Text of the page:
Lost in Los Angeles: Schindler's house

After leaving Frank Lloyd Wright's firm to start his own office in Los Angeles, Schindler decided that the first thing he needed to do was build a house, something that would not only be a home and office, but also an architectural calling card to potential clients. He and Clyde Chace, a friend and engineer for Irving Gill, bought a piece of land on Kings Road in West Hollywood, and built, over the course of three and a half months in 1922 using tilt-wall concrete, what many consider to be the first Modern house ever built.

Inspired by camping at Yosemite and southern California's idyllic weather, Schindler designed a flexible live-work duplex with an attached guest house that flaunts a seamless interaction with the outdoors. Similar to a campfire, the house had a shared kitchen between the two primary units (something that worked better in concept than in reality). The floorplan of the house looks something like a pinwheel with each living unit, including the guest house, having its own private garden area.

Each of the units consists of primarily solid walls to one side and then a wall of windows to the other sides with large sliding doors covered in translucent canvas (like a tent!). There's no set dining room or living room, just rooms that could be altered to meet the needs of the moment. Phillip Lovell, a health doc writing for the paper and a later client, raved about Shindler's house, his use of natural materials, clerestory windows, rooftop sleeping porches, open fireplaces, showers instead of bathtubs, and flat roofs for (ahem) nude sunbathing.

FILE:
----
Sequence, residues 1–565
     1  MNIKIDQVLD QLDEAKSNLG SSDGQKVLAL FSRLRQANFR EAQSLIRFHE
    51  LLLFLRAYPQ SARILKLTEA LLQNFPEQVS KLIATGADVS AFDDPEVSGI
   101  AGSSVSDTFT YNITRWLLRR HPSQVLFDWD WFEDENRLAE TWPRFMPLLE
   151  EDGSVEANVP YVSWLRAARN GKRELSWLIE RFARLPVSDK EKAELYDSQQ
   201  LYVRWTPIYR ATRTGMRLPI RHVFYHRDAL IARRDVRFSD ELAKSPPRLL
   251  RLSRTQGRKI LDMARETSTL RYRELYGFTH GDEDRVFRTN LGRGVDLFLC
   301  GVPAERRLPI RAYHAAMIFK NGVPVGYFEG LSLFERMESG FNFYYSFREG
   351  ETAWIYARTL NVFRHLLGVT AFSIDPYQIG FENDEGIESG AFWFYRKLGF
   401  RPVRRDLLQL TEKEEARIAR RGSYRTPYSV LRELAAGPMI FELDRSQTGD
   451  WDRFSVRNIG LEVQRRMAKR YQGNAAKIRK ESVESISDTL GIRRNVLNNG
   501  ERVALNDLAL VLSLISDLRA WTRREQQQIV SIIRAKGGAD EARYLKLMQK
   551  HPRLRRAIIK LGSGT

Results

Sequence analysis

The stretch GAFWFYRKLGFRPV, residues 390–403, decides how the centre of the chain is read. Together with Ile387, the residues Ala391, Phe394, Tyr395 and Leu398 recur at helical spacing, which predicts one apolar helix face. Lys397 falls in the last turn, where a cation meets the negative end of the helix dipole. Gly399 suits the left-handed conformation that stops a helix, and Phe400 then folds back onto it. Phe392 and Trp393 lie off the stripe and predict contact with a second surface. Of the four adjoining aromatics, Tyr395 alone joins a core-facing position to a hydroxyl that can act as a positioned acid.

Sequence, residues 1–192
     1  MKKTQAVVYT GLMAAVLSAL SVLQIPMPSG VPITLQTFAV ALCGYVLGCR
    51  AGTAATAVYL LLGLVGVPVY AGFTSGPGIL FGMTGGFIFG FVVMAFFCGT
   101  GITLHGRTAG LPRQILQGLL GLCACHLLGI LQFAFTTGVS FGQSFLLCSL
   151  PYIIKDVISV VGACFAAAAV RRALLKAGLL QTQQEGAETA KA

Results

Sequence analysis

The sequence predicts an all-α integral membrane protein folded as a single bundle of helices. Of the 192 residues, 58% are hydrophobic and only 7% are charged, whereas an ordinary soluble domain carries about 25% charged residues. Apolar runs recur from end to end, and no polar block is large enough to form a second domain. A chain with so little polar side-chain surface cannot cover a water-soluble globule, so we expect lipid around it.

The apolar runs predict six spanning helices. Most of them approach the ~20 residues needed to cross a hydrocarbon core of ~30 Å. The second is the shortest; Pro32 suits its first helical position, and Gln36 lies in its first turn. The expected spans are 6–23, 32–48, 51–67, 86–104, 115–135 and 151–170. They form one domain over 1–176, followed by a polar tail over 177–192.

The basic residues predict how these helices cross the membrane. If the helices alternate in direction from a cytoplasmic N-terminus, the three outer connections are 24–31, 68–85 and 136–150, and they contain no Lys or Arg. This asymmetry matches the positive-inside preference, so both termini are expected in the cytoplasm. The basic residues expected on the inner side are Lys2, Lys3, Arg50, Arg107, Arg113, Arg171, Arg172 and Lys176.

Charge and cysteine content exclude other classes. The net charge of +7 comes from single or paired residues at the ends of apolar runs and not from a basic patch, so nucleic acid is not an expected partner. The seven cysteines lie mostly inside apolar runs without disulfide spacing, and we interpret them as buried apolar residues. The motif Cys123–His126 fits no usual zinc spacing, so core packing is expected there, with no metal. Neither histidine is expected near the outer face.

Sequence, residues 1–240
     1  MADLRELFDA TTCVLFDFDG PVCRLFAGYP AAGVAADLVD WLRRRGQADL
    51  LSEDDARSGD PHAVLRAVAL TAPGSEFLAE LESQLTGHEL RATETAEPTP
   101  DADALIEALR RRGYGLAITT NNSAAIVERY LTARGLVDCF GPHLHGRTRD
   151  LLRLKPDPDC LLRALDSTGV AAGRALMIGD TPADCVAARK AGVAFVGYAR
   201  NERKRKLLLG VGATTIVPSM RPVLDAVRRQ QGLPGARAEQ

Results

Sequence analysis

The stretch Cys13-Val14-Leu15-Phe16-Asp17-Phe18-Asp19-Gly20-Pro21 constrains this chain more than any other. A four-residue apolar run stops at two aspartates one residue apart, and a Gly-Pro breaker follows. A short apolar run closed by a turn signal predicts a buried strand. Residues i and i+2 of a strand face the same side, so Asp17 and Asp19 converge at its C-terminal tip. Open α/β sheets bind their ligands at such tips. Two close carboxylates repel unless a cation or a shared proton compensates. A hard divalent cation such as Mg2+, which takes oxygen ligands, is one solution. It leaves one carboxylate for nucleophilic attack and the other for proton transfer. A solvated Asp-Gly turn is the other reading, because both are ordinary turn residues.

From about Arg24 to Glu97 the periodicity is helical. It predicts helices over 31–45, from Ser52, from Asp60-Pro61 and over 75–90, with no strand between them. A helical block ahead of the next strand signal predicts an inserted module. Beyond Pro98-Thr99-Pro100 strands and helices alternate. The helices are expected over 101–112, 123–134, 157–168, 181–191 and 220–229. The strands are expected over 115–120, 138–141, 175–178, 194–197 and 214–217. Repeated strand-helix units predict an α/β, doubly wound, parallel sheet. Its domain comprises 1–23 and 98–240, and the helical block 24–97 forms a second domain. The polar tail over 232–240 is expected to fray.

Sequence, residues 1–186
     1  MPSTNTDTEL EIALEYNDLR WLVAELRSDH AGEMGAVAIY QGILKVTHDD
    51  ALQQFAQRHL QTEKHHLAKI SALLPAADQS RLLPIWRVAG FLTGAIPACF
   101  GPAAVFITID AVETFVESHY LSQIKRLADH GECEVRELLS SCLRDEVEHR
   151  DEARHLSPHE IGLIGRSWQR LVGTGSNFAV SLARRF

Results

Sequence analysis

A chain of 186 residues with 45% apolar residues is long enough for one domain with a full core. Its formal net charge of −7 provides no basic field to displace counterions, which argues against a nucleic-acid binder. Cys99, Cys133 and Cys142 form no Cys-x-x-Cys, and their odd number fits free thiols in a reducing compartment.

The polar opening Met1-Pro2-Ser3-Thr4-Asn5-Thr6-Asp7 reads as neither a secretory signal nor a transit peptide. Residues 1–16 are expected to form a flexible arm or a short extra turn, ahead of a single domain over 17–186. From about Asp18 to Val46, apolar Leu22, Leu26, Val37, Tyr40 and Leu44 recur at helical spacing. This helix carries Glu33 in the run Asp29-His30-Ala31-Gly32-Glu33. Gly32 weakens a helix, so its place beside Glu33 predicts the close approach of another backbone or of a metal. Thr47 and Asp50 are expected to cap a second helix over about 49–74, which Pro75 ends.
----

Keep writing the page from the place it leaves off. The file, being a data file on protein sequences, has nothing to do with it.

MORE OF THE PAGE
The Kings Road House is not my favorite Schindler piece; however, seeing it in person makes me appreciate it more. Although Modern, it's pretty rustic, which is not surprising given that Schindler was what amounts to a starving artist at the time (and for a time thereafter). I don't know whether or not it is, indeed, the first Modern house, but it is unquestionably the first modern California house with it's wall of windows and walls that open completely onto the outdoors, fully blurring the line between indoors and outdoors. One of many checks in the Modern column: No ornamentation. None. Schindler was clearly influenced by Wright, but so were all the other Modern mavens. But he also clearly had his own ideas as well (some of which it appears to have influence Wright...).

Speaking of the outdoors, the landscaping is stunning. When we saw the house, I thought "This can't be the original landscaping." But after seeing Shindler's plans for the house, it is indeed what he envisioned.


  1. Clyde Chace, not David Chace.


    Jeffrey Chace

    1. Jeffrey: Thanks for the note and correction. Random neurons firing because I used to know a David Chace. I have fixed this error in the post. -Bubba